Transaero is not alone
The sharp devaluation of the rouble during the past weeks has led to a deterioration of most Russian carrier’s economic standing. Some Russian aviation experts even indicate that collective Russian airline losses for 2014 could very well be up to six times higher than 2013 and reach a minus of more than US$ 720 million.
Polet and Samara Airlines have both had their AOC’s terminated last week and apparently Russian Sky has joined the list in the past days.
Polet, which was founded in 1988 and which has been in financial woes for a long time, operated a fleet of three AN124 cargo aircraft as well as two AN148 passenger planes on internal Russian routes. This is the oldest privately owned airline in Russia, and one of the most respected. Its owner, Anatoly Karpov, remains in a fighting mood and has stated that the carrier will reinstate flights again in the near future. Volga Dnepr refused to take over Polet’s AN-124 aircraft, so the best bet would be to try and get them airborne again soon.
Air Samara, a small outfit running three KingAir 350 aircraft suffered the same fate during the past weeks.
UTair, the third largest Russian airline and which operates a large fleet of mostly narrow bodied Boeing aircraft is said to be also in discussion with the government in order to gain credit agreements which can ensure that payments, especially for aircraft leases, can be upheld. The carrier has started cutting its fleet down by 40% and has grounded or returned 46 aircraft to its lessors due to not being able to pay lease bills. The aircraft are a mixture of Airbus A321s, Boeing 757-200, B737-800, B767-200/300 and also Bombardier planes.
Market experts are saying that UTair will end 2014 with a minus of 6.8 billion roubles which apparently does not include the losses of their daughter company UTair Ukraine.
There are many new carriers which have sprung up in Russia during the past few years and who have been able to take advantage of the boom in passenger traffic to vacation destinations within the region and other parts of the world.
This traffic is declining fast due to the rouble being in freefall.
One of those affected most by this situation is said to be I-FLY, whose CEO Eugeny Filatov, ex Volga-Dnepr UK, already in November reported a 49% decline in passengers due tour agencies having lost their customer base.
And - they are not alone - most charter operators flying for other travel agencies have similar decreases in business.
Aeroflot and AirBridge Cargo Airlines
Aeroflot (SU) has been cashing in on up to US$600 million in 2014 on the so called “overflight fees” (royalties) levied on other carriers passing through Russian airspace. This was supposed to end in 2014, assured by the Russian government when joining the WTO in 2012, but there is little hope of that now.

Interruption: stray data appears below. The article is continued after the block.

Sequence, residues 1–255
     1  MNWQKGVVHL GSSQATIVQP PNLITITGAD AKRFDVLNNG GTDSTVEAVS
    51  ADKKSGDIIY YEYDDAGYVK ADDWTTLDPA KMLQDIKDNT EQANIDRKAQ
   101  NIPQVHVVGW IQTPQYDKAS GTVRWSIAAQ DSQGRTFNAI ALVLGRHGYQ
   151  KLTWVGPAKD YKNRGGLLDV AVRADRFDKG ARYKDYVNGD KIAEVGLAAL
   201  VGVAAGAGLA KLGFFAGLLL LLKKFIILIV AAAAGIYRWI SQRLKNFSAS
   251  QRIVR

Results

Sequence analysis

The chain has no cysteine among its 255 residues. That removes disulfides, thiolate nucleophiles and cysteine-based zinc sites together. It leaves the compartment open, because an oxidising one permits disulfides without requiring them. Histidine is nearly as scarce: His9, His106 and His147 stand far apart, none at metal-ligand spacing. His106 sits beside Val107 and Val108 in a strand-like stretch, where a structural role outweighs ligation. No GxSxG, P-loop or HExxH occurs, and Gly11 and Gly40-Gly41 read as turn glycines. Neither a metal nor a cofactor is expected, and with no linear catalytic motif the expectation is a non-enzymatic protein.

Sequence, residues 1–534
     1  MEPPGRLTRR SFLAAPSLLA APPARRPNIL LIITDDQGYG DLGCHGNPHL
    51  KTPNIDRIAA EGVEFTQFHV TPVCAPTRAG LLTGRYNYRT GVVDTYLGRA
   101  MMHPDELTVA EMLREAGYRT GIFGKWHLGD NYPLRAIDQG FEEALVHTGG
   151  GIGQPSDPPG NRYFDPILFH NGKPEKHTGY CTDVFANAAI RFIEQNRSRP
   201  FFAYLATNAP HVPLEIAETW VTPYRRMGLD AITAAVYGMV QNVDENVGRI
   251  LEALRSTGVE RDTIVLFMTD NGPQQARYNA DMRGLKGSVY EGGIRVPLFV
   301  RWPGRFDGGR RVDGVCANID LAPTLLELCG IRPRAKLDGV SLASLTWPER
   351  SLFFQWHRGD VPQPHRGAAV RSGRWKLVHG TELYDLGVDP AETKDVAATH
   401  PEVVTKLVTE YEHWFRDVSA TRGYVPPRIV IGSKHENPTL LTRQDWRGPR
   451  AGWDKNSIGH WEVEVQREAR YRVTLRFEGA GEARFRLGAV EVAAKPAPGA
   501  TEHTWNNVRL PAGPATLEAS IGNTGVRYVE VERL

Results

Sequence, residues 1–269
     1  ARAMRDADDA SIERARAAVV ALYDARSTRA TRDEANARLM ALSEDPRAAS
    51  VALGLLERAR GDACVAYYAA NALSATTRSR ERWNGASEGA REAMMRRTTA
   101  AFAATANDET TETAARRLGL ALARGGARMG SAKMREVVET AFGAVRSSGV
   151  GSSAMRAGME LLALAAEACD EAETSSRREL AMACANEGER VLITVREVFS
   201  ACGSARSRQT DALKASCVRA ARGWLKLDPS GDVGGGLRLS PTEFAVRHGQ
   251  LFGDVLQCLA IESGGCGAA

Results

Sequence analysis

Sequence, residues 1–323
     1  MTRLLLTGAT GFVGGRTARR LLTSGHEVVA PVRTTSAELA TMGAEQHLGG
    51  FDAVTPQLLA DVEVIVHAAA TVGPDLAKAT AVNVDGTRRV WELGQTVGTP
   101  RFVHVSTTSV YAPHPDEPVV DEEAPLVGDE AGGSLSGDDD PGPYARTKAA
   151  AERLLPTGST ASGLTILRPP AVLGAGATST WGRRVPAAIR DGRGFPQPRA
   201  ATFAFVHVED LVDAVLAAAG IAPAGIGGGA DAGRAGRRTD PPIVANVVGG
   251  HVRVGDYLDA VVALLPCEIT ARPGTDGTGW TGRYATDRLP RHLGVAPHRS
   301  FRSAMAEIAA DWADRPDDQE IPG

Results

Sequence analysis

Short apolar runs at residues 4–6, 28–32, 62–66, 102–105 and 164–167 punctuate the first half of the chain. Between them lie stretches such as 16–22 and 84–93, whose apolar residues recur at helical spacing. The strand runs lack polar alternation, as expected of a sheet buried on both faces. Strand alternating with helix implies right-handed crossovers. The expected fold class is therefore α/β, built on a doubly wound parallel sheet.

The agreement was that Aeroflot should share some of this massive amount of money with other Russian carriers as well as using part for the development, modernization and salary payments of the Russian Air Traffic Control (ATC) system.
The Russian national carrier indicated already in mid-2014 that it had by then run up a loss of around 3.4 billion roubles.
And - that was when the rouble was still strong.
Now - in order to try and remain somewhat financially stable, SU is holding onto all of the monies cashed for over flight rights and the other carriers and the ATC organization will not see a share. This will further impact Transaero, ABC and others who once received a share of the royalties.
AirBridge Cargo, the Volga Dnepr daughter which operates a fleet of Boeing 747-400 and 747-8 freighters may well be the carrier which can best handle this serious situation.
The airline operates almost only on international freight routes and it is estimated that well over 90% of their revenues are in foreign currencies.
On top of this, conservative estimates show that only 50% of ABC’s costs are in roubles and this makes their recent management move to Luxemburg a little less likely to produce the rewards expected with regards to cost savings.
However - the more the situation deteriorates, the more dangerous it can become for the very successful Russian freight carrier.
Imports into Russia continue to dry up and not only because of the rouble’s decline, but also due to embargoes levied by the Russian government on EU and North American goods and vice versa. 2014 imports were mostly ordered and paid for in advance; 2015 still has to show what the Russian importers and manufacturers will do to regarding transport and purchasing. If foreign goods are a necessity and even available under sanctions, the choice of airfreight will be an expensive luxury to get it to the market when paid in roubles.
These are not good days for Russian aviation
The country has come a long way in the past two decades in modernizing its aviation product and gearing itself towards the (once) massive demand for passenger and freight traffic into and out of the country.
Generally speaking – “airlines come and go.”
Here however, the danger is that the complete system will fall apart and that maybe repercussions will come from the Russian side where over flight rights for many western carriers will be restricted or even prohibited, as recently already indicated by Prime Minister Dmitry Medvedev (CargoForwarder Global reported). However, that scenario does not seem likely at the moment as that would absolutely ensure the demise of Aeroflot when there are no government cash infusions available.
The most likely outcome will be that the fittest airlines only will survive (with government help) and less choice for the consumers as a consequence. When this happens, and hopefully sanity prevails and normalcy returns, Russia may be an even more attractive as a port of call for foreign airlines.
John Mc Donagh
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